Microbial populations in various paddy soils respond differently to denitrification-inducing conditions, albeit background bacterial populations are similar

Authors

  • Satoshi ISHII,

    1. Department of Applied Biological Chemistry, Graduate School of Agricultural and Life Sciences, The University of Tokyo, Tokyo 113-8657, Japan
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  • Michihiro YAMAMOTO,

    1. Department of Applied Biological Chemistry, Graduate School of Agricultural and Life Sciences, The University of Tokyo, Tokyo 113-8657, Japan
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  • Kanako TAGO,

    1. Department of Applied Biological Chemistry, Graduate School of Agricultural and Life Sciences, The University of Tokyo, Tokyo 113-8657, Japan
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  • Shigeto OTSUKA,

    1. Department of Applied Biological Chemistry, Graduate School of Agricultural and Life Sciences, The University of Tokyo, Tokyo 113-8657, Japan
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  • Keishi SENOO

    1. Department of Applied Biological Chemistry, Graduate School of Agricultural and Life Sciences, The University of Tokyo, Tokyo 113-8657, Japan
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S. ISHII, Department of Applied Biological Chemistry, Graduate School of Agricultural and Life Sciences, The University of Tokyo, Tokyo 113-8657, Japan. Email: anaerobe@mail.ecc.u-tokyo.ac.jp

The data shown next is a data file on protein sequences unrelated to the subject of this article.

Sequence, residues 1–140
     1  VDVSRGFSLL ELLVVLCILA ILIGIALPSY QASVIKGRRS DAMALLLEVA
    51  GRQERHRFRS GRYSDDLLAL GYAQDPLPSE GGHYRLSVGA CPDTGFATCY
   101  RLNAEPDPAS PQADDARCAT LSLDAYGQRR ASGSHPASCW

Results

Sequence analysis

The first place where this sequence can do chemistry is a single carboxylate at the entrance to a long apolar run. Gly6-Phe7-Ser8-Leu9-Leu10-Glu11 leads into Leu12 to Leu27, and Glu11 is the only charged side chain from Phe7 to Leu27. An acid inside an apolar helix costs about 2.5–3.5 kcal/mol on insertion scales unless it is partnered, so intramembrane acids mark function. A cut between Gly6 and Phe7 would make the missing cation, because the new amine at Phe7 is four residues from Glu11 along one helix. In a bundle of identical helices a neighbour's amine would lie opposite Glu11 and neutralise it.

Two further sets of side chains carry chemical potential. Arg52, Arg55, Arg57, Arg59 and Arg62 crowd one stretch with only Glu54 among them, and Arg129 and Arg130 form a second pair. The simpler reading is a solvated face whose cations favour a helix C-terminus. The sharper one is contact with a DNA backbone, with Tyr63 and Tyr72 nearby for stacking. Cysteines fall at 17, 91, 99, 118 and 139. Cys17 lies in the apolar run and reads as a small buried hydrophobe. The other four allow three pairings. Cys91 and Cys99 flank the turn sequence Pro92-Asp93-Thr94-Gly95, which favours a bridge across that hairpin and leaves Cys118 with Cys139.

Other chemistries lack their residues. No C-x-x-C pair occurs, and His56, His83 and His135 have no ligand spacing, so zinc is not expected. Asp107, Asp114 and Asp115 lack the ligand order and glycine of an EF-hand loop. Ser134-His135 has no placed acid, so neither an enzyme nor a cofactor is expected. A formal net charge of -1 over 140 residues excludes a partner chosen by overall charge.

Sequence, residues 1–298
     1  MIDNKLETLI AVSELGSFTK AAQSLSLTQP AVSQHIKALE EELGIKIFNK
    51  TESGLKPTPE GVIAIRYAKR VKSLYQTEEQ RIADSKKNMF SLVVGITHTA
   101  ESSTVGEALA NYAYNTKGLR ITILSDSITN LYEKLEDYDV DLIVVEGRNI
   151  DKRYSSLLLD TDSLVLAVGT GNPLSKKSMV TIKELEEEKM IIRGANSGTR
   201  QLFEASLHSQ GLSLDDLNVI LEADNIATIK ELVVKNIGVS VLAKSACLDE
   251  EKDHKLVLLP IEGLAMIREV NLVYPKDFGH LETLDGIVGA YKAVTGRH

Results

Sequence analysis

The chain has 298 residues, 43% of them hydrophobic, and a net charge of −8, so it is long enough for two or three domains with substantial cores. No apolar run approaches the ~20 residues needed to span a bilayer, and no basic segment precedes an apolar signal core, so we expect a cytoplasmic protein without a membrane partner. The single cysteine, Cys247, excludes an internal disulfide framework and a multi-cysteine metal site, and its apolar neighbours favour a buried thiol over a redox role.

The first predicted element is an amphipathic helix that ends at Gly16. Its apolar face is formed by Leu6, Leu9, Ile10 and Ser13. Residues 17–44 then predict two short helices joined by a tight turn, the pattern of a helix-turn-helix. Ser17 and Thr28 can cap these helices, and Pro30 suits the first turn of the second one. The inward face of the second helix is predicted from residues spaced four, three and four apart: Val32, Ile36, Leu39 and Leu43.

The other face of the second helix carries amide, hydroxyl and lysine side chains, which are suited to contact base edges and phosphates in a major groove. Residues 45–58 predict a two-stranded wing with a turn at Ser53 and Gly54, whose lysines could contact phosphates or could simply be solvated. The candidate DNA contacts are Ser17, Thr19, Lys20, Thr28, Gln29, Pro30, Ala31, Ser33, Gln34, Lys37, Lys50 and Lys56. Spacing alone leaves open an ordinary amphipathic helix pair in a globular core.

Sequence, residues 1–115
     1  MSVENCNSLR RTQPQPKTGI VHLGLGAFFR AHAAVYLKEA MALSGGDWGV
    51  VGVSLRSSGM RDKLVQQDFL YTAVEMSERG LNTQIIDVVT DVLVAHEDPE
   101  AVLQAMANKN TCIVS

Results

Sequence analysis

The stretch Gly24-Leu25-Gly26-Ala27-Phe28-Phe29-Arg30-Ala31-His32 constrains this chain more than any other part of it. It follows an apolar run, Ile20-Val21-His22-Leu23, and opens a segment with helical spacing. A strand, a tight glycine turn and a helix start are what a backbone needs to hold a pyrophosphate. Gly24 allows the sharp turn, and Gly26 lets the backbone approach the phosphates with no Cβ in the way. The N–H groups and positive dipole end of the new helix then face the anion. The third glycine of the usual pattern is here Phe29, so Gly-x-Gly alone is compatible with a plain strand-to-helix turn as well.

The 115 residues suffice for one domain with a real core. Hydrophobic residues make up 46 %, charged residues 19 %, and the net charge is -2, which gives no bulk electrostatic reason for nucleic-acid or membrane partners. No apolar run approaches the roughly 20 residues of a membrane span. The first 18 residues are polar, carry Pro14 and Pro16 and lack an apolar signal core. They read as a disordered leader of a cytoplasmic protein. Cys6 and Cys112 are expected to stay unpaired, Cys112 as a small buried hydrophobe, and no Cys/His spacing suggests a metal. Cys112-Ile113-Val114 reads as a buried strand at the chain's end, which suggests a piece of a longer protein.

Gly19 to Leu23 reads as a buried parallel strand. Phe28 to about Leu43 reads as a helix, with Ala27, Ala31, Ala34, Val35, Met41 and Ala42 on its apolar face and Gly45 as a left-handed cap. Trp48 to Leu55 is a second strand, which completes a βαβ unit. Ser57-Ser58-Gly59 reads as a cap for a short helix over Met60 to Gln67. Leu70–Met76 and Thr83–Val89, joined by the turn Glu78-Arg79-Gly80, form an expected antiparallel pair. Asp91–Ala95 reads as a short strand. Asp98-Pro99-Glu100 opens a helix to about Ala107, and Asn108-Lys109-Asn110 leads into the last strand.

Abstract

Rice paddy soil has been shown to have strong denitrifying activity. However, the microbial populations responsible for the denitrification in various rice paddy soils are not well known. In the present study, key denitrifiers were identified in six rice paddy soils by comparing the bacterial community structures in soils with strong denitrifying activity with those in soils without the activity. The effect of crop rotation on the denitrifier populations was also examined. Our study revealed three notable findings: (1) community structures of total bacteria were similar among the six rice paddy soils with different soil characteristics, (2) the populations that responded to denitrification-inducing conditions differed with soil type (Andosol, Gley soil or Gray lowland soil), (3) the populations that responded to denitrification-inducing conditions were similar within each type of soil, regardless of the cropping system (e.g. continuous or rotation).

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